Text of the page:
Safeguarding family assets with strong family governance
Decisions around succession solutions can be very sensitive in family businesses. This makes it all the more important to approach the process in a structured manner and at an early stage. With family governance, entrepreneurial families create the basis for finding solutions that are supported by all parties involved.
Succession planning can harbor a potential for conflict in family businesses. What if, for example, the next generation does not want to take over the company at all? This is not a rare scenario. According to the Global University Entrepreneurial Spirit Students' Survey, only 20% of the children of entrepreneurs can imagine following in their parents' footsteps.
On the other hand, the question of to which descendants the management and shares in the company should be transferred can also lead to disagreements or even disputes. Especially if the division is not perceived as fair. This makes it all the more important to have a clear framework for resolving conflicts within the family – i.e. effective family governance.
Developing a strong family governance framework
"Family governance is a process through which business families learn to communicate better with each other," says Dr. Sonja Kissling, a lawyer and independent consultant to family businesses. "It is also a framework to guide the family in accomplishing its vision," adds Grégoire Imfeld, founder of ONE Family Governance. The process helps families have a structured discussion about topics that are difficult to address. In the process, each family should discuss three key questions:
- How do we see the future of the business and what goals do we want to achieve with the business?
- What should the ownership structure of the family business look like in the future?
- How do we organize ourselves and the decision-making process within the family?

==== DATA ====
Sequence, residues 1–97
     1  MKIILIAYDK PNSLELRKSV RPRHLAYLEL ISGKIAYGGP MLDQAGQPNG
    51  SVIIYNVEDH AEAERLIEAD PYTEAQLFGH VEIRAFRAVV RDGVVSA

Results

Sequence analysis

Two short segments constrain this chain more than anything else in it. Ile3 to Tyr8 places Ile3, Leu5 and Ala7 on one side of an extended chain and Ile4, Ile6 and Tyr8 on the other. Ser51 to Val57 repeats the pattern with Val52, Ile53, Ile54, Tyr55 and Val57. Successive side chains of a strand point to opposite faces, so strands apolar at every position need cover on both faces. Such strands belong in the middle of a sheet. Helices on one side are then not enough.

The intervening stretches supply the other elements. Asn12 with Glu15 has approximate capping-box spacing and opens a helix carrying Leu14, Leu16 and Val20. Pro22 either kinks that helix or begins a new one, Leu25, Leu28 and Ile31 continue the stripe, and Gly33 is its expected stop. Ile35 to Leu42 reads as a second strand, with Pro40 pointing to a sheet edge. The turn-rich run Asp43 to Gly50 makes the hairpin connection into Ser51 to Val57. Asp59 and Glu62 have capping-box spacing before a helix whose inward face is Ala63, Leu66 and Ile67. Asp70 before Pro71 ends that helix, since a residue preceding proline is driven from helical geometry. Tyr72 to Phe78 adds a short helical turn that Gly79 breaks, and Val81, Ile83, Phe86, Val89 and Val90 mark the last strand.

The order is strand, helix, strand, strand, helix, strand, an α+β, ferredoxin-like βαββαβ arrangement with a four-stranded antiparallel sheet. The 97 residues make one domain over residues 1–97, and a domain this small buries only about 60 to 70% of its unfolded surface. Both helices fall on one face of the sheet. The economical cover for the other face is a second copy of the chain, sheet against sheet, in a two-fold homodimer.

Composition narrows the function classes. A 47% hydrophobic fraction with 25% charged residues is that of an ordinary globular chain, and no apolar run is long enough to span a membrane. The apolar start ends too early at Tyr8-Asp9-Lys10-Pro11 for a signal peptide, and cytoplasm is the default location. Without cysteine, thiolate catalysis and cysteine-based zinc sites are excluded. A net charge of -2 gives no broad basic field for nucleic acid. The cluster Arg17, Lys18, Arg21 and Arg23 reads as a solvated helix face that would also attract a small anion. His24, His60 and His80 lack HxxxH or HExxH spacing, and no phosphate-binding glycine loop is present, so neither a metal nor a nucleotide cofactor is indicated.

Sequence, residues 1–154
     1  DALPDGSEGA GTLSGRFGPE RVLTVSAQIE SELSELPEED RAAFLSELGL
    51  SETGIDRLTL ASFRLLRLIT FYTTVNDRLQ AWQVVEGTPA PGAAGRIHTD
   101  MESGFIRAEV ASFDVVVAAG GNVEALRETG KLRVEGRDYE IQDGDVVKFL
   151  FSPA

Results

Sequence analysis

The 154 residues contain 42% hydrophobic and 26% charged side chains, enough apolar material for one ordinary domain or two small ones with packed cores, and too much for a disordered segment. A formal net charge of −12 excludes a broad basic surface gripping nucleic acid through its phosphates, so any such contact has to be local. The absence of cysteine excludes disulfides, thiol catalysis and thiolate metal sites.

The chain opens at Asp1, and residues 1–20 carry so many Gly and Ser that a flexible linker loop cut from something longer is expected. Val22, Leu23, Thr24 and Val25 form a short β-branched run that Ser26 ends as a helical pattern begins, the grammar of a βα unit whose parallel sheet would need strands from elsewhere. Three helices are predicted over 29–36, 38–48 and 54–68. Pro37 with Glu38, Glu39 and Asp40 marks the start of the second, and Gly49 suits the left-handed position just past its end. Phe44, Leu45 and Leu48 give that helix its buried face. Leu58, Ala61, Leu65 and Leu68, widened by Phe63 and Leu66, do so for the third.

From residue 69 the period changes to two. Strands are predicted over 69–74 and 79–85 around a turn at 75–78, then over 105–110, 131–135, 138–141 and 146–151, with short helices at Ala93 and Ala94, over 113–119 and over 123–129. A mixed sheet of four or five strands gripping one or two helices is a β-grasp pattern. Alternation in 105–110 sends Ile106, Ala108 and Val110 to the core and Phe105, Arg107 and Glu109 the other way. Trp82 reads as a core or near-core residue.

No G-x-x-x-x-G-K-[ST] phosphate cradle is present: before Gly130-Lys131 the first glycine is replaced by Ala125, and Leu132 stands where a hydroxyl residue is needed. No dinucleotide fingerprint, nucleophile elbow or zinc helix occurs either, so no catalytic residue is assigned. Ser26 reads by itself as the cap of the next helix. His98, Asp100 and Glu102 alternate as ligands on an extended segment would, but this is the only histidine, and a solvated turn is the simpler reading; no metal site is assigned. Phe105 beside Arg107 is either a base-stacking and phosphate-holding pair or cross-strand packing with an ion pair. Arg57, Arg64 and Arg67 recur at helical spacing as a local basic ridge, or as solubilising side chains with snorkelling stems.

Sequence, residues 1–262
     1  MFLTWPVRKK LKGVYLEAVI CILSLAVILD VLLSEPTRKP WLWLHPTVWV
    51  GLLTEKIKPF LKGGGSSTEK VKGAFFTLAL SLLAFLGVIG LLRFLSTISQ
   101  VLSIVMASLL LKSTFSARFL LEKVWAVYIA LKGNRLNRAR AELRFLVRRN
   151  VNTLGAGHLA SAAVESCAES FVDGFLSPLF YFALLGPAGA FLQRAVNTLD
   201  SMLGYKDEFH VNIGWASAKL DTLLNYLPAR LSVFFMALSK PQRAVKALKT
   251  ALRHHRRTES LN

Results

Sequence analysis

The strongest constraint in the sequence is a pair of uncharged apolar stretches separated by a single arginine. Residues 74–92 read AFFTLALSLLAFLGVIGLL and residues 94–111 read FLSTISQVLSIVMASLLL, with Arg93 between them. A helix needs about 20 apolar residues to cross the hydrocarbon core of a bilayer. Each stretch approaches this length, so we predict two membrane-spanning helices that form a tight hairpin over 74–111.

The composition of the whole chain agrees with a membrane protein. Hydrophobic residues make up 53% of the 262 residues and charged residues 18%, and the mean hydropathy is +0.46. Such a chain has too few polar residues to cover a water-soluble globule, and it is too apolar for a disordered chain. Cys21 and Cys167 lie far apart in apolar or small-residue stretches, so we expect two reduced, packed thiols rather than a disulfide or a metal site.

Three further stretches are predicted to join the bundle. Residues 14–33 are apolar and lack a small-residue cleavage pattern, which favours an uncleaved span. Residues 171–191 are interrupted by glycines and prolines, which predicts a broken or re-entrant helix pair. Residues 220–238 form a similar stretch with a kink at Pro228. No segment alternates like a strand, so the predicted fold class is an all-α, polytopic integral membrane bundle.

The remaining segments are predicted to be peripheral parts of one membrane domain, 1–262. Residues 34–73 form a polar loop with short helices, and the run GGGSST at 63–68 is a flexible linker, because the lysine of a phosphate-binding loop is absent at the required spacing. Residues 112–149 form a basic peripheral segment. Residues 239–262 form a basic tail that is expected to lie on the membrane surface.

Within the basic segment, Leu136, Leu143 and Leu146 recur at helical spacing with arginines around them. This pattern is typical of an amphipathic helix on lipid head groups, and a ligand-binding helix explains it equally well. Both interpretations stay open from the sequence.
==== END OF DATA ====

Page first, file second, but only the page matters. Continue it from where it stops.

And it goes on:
"Agreeing on these questions can have a positive effect for all families," says Dr. Sonja Kissling. However, she goes on to add that it is particularly important in later-generation family firms with many family members to reconcile the different interests of the family members. Owner families would have a special responsibility in this regard, since they not only have to manage the business, but also organize the family. The answers that emerge from the process then are often written down in a family constitution.
Involving independent experts in the process
When establishing family governance, it can be helpful if the family is supported by independent experts who moderate the process. "They structure the communication and ensure that a solution-oriented discussion takes place," explains Dr. Sonja Kissling.
This would ensure that all parties are involved in the process and that all important issues are discussed. In addition, family members have a neutral contact person to voice their concerns to. And finally, the independent experts support the family find a solution that fits their situation and is supported by all members.
Manage the family assets properly
An effective tool to manage family assets based on the agreed structures in family governance is a single family office (SFO). "The purpose of any single family office is to cover the needs of a family. The scope of the needs must be clearly established by the family to ensure the single family office's effectiveness and may include an array of services; from accounting, concierge services, to investments" says Grégoire Imfeld.
For the successful establishment of a single family office, he says it is important that the needs and goals have been precisely identified in advance. Grégoire Imfeld comments, "In my experience, a solid and pragmatic approach developed by the family for the family, with guidance and experienced facilitation, is the most efficient way to achieve the family's objectives." That's because the ownership and family responsibilities are decided by the family, shareholders, or a dedicated committee and the single family office executes these decisions.